Roundup for July 6, 2015

Car as a service: Used to be people would train their dog to bring them the morning paper. In a world of self-driving cars, could yours complete the Starbucks run for you?

— Tech Cheat sheet has a run down on 6 potential applications for self-driving vehicles (h/t Jess Bolluyt)

— And Bloomberg points out that cars that can pilot themselves could also steer you into the nearest McDonalds should you mention feeling peckish — and enabling that kind of geo-centric marketing is forcing car makers to compete with software companies (strong rumors that Apple is looking to enter this space are also part of the impetus, natch.) (h/t Elisabeth Behrmann)

Jon Fingas at Engadget has a brief, but, you know, terrifying post about the military applications for machine learning and picture recognition. ISIS may want to post fewer selfies.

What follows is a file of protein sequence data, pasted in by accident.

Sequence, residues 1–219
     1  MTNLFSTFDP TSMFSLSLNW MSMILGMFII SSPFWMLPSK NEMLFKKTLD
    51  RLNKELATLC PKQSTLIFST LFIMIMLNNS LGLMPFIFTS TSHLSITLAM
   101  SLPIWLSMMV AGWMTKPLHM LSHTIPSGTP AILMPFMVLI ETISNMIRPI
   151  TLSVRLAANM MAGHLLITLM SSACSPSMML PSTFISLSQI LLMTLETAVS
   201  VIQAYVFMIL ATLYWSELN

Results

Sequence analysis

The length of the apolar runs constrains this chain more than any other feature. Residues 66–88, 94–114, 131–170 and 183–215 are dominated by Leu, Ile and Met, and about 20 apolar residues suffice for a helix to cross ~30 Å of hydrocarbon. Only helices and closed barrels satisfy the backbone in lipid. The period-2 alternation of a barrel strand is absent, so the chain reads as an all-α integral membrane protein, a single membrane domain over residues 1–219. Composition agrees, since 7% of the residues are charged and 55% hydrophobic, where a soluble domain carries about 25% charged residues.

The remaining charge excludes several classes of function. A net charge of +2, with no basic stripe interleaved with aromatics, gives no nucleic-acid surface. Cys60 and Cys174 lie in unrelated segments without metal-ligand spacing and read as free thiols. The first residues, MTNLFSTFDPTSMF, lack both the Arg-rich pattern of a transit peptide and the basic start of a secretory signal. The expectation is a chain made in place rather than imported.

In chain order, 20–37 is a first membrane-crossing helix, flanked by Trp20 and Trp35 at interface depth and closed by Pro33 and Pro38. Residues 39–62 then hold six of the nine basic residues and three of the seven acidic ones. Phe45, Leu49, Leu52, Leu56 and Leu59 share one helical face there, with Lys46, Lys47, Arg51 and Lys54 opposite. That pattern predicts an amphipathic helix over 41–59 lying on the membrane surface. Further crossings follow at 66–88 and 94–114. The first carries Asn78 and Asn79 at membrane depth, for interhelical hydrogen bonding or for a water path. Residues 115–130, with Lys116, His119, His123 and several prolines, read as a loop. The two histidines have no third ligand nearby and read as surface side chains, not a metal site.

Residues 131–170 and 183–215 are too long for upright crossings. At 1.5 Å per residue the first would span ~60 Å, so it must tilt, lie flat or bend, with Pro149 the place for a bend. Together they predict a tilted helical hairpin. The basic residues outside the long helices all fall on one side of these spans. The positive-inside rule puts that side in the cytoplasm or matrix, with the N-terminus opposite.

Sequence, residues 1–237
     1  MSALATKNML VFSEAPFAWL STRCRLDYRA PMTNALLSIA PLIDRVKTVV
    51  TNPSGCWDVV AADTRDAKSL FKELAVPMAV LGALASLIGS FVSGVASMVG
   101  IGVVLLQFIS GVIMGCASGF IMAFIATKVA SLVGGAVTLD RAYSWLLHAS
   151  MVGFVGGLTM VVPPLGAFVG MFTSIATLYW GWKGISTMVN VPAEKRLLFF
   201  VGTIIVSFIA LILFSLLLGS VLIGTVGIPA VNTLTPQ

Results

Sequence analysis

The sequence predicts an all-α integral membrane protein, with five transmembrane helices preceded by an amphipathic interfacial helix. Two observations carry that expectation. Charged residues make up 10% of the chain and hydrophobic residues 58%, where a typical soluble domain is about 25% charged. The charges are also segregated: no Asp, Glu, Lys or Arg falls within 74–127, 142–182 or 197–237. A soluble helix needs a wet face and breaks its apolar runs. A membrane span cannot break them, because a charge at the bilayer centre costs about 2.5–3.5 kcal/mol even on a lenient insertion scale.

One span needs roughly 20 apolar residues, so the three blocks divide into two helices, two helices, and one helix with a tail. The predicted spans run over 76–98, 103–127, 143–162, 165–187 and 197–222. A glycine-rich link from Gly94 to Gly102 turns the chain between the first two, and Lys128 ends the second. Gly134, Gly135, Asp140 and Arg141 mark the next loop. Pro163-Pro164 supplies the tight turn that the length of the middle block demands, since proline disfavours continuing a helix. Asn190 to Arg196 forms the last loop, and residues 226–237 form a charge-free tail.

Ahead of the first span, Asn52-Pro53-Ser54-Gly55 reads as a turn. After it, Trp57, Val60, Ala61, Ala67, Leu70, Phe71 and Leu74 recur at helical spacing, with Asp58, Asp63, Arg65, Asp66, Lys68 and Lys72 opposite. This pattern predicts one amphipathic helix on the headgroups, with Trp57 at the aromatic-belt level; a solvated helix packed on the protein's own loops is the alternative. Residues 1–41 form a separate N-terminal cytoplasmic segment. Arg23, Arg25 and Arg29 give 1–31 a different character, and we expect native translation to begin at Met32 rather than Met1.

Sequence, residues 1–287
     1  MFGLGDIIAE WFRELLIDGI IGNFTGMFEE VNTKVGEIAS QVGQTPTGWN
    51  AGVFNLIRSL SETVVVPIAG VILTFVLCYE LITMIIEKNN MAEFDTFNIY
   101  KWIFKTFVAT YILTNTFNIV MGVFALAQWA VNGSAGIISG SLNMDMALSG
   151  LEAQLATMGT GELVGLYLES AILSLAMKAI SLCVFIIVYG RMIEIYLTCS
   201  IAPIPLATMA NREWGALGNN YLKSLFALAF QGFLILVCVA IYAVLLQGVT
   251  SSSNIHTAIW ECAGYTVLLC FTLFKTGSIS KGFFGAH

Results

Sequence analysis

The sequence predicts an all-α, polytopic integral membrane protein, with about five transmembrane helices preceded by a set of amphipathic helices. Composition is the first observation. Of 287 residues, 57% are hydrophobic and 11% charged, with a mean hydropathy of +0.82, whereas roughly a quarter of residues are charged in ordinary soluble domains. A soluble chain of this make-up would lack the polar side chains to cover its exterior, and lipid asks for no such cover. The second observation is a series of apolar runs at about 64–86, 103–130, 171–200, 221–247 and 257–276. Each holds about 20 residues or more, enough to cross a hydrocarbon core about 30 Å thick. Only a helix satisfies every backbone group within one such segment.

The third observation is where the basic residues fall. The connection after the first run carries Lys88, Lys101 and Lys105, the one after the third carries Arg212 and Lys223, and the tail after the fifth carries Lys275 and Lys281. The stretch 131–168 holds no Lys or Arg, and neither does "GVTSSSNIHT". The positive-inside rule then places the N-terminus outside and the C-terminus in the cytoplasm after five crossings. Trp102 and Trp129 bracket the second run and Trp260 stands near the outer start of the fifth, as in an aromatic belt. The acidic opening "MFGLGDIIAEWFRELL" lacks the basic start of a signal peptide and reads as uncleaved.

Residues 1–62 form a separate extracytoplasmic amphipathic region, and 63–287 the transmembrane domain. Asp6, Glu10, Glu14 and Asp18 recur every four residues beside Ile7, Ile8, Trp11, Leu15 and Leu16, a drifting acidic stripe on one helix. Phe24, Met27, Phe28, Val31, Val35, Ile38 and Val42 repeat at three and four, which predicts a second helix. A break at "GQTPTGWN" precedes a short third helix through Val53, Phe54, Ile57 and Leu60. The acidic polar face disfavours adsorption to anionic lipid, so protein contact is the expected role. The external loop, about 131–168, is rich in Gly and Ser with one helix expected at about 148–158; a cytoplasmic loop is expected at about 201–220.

On the more-classical, less-tactical side of A.I. and art appreciation, A.P.’s Holly Ramer has the lowdown on a Dartmouth prof wants to see if an A.I. can write a coherent short story. Seems unfair on the bot, I’ve been in creative writing workshop and most humans can’t….

Interesting Atlantic think piece from Robinson Meyer on whether you have a right not to be recognized

And in what’s clearly the most important robot news of the day: Challenge Accepted. A Japanese company will allow its giant mecha bots to fight an American competitor’s.


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